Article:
A "hugely significant" portrait of Bonnie Prince Charlie by one the greatest Scottish portrait painters, worth more than £1m, has been acquired by the National Galleries of Scotland.

Allan Ramsay's portrait of Prince Charles Edward Stuart, known as Bonnie Prince Charlie, is now part of the national collections due to the Acceptance in Lieu (AIL) of Tax scheme.

Once described as the "lost" Bonnie Prince Charlie portrait, it was found at the Earls of Wemyss' Gosford House, just outside Edinburgh, by the art historian Dr Bendor Grosvenor.

The discovery which was featured on a BBC 2 Culture Show special, The Lost Portrait of Bonnie Prince Charlie, two years ago.

At time Dr Grosvenor said: "Such a great image - it gets the confidence of a man who wanted to invade England at the age of 24."

Grosvenor had previously established that a portrait in the galleries thought to be the Bonnie Prince was in fact his younger brother, Henry.

This led him to search for a portrait of the Prince referred to in a letter in the Royal Archives, which led him eventually to Gosford House, where the painting had been hanging in a corridor for 250 years.

It was painted a year before Stuart's crushing defeat at the Battle of Culloden and is the only portrait of Bonnie Prince Charlie painted in Britain.

It has now formerly been transferred to ownership by the galleries from the Wemyss Heirlooms Trust - it was last exhibited in Edinburgh in 1946.

The amount of tax settled by the acceptance of the portrait, through the AIL system is £1,122,838.33.

The painting will be displayed in Gallery 4 of the Scottish National Portrait Gallery as a centrepiece to the gallery's collection of Jacobite art.

The National Galleries of Scotland houses what it describes as an "unsurpassed" collection of Ramsay’s drawings and paintings.

Prince Charles Edward Stuart (1720-1788) who sought to re-capture the British throne for the House of Stuart during the ill-fated Rising of 1745.

He landed in Scotland on the 23rd of July, and marched to Edinburgh, defeating a government army at the Battle of Prestonpans.

Charles then travelled south as far as Derbyshire, before returning to Scotland; his army was eventually crushed at the Battle of Culloden on the 16th of April 1746.

The portrait is thought to have been created at Holyrood in Edinburgh during Bonnie Prince Charlie’s short time in the city at the height of the Rising, by Ramsay (1713-1784).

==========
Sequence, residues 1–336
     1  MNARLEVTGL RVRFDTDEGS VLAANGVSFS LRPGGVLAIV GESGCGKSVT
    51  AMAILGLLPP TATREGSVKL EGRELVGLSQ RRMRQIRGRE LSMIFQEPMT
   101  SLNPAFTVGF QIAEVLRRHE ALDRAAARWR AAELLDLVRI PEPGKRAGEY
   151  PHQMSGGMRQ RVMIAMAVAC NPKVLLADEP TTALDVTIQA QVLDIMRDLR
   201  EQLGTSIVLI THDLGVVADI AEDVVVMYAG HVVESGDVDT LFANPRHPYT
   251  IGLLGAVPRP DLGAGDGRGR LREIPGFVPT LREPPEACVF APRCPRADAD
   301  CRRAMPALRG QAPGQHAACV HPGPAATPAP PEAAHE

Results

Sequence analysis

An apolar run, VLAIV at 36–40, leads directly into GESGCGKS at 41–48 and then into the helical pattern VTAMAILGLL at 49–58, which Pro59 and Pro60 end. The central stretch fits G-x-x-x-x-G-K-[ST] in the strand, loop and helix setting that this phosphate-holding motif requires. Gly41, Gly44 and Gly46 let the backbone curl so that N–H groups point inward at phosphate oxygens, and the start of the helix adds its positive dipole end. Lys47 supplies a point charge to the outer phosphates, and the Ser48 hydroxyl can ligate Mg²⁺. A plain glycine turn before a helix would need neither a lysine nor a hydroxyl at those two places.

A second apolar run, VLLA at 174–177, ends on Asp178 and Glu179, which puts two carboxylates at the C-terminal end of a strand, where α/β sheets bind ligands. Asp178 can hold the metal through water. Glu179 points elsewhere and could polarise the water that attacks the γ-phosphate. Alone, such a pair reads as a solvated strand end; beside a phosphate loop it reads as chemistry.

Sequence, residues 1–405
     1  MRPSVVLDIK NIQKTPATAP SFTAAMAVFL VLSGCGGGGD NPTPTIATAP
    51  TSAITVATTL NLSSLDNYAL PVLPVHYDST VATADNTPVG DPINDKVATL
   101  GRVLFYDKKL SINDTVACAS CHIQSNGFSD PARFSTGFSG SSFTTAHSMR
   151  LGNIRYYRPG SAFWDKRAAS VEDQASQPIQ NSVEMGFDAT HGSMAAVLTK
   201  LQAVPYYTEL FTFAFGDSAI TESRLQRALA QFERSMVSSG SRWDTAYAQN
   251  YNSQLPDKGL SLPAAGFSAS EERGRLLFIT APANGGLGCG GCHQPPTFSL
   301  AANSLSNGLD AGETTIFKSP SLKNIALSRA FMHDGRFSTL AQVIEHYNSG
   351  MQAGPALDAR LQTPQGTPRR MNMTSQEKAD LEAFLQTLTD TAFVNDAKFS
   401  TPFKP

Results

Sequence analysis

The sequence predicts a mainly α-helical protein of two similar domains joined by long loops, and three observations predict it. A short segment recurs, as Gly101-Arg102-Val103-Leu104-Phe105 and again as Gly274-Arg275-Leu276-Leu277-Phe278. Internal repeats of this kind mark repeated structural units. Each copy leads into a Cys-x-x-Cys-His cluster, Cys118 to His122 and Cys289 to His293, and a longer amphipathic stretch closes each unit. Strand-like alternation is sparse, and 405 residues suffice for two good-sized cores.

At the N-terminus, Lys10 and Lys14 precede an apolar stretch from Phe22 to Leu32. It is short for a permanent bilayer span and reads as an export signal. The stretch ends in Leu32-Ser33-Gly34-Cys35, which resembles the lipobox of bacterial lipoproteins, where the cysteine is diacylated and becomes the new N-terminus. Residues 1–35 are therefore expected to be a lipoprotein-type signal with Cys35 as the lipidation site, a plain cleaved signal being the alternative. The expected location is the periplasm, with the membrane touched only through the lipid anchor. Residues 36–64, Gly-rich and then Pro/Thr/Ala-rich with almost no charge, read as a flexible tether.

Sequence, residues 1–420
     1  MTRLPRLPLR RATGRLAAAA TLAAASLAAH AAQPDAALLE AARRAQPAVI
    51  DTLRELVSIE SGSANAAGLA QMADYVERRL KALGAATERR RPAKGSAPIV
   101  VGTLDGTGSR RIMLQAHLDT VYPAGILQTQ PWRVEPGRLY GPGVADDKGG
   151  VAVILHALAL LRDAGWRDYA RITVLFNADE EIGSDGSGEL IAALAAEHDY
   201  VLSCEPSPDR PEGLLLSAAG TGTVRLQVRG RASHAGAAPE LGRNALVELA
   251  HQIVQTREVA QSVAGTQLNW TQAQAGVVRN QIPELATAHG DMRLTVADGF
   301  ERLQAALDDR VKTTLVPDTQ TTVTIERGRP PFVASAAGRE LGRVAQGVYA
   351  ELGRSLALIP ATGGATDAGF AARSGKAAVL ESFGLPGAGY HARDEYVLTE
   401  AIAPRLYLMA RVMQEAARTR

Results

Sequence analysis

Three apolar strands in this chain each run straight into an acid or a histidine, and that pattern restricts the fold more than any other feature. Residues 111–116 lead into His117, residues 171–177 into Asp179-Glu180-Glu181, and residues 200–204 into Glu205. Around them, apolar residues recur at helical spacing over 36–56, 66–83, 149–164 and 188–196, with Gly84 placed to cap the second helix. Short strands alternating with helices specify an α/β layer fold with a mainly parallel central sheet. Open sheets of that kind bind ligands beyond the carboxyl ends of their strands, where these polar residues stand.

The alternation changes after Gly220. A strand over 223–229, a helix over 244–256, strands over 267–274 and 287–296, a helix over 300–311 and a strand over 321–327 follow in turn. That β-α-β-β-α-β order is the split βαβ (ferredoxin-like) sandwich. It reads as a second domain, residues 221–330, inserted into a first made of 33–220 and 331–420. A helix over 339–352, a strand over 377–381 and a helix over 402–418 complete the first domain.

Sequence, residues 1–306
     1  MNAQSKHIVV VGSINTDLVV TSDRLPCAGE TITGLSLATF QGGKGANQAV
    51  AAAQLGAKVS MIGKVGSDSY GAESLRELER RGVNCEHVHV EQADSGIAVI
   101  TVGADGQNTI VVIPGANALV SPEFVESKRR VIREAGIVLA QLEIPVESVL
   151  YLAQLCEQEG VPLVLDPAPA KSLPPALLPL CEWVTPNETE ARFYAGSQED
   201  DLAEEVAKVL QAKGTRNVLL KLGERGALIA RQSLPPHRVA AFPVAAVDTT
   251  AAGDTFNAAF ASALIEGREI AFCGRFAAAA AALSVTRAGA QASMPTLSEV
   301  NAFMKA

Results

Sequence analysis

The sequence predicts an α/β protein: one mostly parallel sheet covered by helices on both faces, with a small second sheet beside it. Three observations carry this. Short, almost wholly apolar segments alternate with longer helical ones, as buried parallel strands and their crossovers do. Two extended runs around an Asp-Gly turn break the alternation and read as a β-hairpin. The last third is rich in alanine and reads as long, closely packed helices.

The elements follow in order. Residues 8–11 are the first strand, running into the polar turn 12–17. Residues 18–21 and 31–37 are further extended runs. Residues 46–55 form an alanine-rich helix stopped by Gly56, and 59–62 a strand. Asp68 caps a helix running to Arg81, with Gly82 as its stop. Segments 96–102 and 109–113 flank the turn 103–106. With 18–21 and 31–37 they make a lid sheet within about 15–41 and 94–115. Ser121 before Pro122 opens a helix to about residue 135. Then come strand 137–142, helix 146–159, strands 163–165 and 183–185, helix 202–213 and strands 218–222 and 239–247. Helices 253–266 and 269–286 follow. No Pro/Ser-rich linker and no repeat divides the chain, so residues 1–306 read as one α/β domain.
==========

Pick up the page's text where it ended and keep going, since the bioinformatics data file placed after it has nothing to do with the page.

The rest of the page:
Ramsay was born in Edinburgh, the son of a poet of the same name, and studied in London, Rome and Naples, before returning to Scotland in 1738.

A galleries statement says: "His portrait of Bonnie Prince Charlie is an accomplished early work, created when the sitter was 25 and the artist 32. Charles is depicted in half-length format, turning to confront the viewer directly.

"He wears a powdered wig, has a velvet robe fringed with ermine, and the blue riband and star of the Order of the Garter. The portrait was used as a prototype for painted and engraved versions, which were employed to promote the Jacobite cause."

Christopher Baker, director of the Scottish National Portrait Gallery, said: “This meticulous and dashing portrait is a work of great historical resonance, which in a real sense has now come home, as it will be celebrated as a key work in the nation’s Jacobite collection and as such become widely accessible.

"We are immensely grateful to everyone who has made its transference to public ownership, through the AIL scheme, possible.”

Edward Harley, the Acceptance in Lieu Panel Chairman, noted: "The Acceptance in Lieu Panel is pleased to have helped this iconic image of Bonnie Prince Charlie return to the city in which it was painted 270 years ago.

"It now takes its fitting place as one of the highlights of the great collection of the Scottish National Portrait Gallery where it can be enjoyed by all. This is indeed a unique moment in Scottish history."

The Acceptance in Lieu (AIL) scheme allows those who have an inheritance tax bill to gift significant items to the nation and "satisfy" more tax than by selling items on the open market.

It allows museums and galleries to increase their collections at no cost to them, while the donor gets the full market value.

"Executive devolution” arrangements are in place to enable Scottish ministers to deal with cases in which there is a "Scottish Interest."

AIL is administered across the UK by the Arts Council, which also oversees the Cultural Gifts Scheme.